Now, to wrap up, I would like to send you off to read a few other poems.  Because I mentioned him in one of the comments I responded to on the last blog post, I would like to start with Stephen Vincent Benet (1898-1943).  He is most well-known for his epic poem John Brown’s Body (which covers the history of the American Civil War) and his short stories “The Devil and Daniel Webster” and “By the Waters of Babylon” (which I first read in 10th grade, in one of the Prentice Hall Literature textbooks.  It is, I believe, the only thing by Benet still taught in schools.)  He is, sadly, not much regarded these days.  I’m not entirely sure why, though one MFA student I spoke too called him “melodramatic.”  But he is one of my favorites.  Here are a few of his better poems (in my humble opinion), which were published in his collection Young Adventure in 1918.

“Nos Immortales” which beautifully expresses what I believe are probably common thoughts on death.

“Winged Man” which is a poem about Icarus, one of my favorite Greek myths.

“The Quality of Courage” which is about exactly what it sounds like, though perhaps not in the way you might think.

I hope you enjoyed the poems – either mine or Benet’s, or (in my perfect little world) both.  I would love to hear any thoughts you have on either.  I swear I will not be offended if you didn’t like mine.  I am my own worse critic; you can’t possibly say anything I haven’t told myself a million times.  If you have any poets you’d like to share, please do so!  I read a lot, but there are far more poets than I can possibly discover on my own.  And others who read this might be interested as well.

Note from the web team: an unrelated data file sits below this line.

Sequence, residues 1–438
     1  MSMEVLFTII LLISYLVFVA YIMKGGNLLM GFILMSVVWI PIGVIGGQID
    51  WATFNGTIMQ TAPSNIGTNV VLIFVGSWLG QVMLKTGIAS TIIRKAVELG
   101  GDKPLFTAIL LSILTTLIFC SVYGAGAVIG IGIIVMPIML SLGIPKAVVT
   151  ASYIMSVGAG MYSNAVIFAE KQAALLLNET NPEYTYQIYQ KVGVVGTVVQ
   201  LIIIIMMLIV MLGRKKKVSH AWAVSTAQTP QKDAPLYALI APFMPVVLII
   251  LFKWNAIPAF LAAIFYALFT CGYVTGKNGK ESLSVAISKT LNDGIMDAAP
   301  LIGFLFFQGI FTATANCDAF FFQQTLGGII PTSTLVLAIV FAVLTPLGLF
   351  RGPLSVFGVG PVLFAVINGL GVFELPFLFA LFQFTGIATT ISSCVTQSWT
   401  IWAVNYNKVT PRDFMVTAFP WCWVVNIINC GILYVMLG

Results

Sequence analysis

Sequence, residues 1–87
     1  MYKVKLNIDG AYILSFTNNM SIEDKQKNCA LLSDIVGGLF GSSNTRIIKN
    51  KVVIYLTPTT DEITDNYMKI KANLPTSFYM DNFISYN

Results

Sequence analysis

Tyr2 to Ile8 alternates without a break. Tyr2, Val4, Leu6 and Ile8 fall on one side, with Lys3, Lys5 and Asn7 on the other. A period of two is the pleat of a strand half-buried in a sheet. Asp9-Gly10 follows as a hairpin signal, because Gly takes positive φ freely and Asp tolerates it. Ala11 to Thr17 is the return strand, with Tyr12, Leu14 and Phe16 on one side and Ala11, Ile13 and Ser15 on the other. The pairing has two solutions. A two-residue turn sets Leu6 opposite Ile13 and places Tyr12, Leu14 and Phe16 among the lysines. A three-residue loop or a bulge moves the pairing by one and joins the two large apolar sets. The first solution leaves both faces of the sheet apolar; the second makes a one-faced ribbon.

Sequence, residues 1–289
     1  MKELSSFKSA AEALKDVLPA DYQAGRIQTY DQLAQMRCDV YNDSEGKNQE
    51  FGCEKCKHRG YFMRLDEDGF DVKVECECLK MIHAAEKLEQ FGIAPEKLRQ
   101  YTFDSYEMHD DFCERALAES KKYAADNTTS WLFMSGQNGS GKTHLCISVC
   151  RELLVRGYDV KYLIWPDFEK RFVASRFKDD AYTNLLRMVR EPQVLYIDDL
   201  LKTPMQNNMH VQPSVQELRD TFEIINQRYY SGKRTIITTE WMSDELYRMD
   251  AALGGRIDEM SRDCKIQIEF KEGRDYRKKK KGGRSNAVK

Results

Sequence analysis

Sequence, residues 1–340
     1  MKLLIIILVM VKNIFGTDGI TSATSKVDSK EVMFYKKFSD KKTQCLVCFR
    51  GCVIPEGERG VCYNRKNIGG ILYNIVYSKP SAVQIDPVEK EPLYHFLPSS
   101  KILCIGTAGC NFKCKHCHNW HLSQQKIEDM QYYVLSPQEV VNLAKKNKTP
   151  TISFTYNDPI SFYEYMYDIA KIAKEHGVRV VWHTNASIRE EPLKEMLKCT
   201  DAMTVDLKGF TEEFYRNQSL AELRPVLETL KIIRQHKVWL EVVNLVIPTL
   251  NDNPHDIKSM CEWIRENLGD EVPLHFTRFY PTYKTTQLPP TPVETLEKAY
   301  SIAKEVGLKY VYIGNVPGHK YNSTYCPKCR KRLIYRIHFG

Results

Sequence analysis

10 thoughts on ““Nisei”: A Poem by Me; Plus, a few by a much better poet

    • Thank you very much.

      I wouldn’t say poetry is becoming a lost art, per se… As per my last blog post, the big problem is that the general public simply isn’t READING poetry. There are actually quite a few extremely good poets out there right now doing very interesting, innovative, exciting things with poetry, but the general public still doesn’t much care for stranger more postmodern forms of poetry that are popular among poets right now. It’s considered “too academic” or “too hard” or whatever. And that’s all well and good, and do think that sometimes poets do simply need to make their poetry more accessible (read: easier to understand) for the general reader. But I don’t think that’s going to happen as long as the general reader doesn’t even seem interesting in TRYING to read poetry.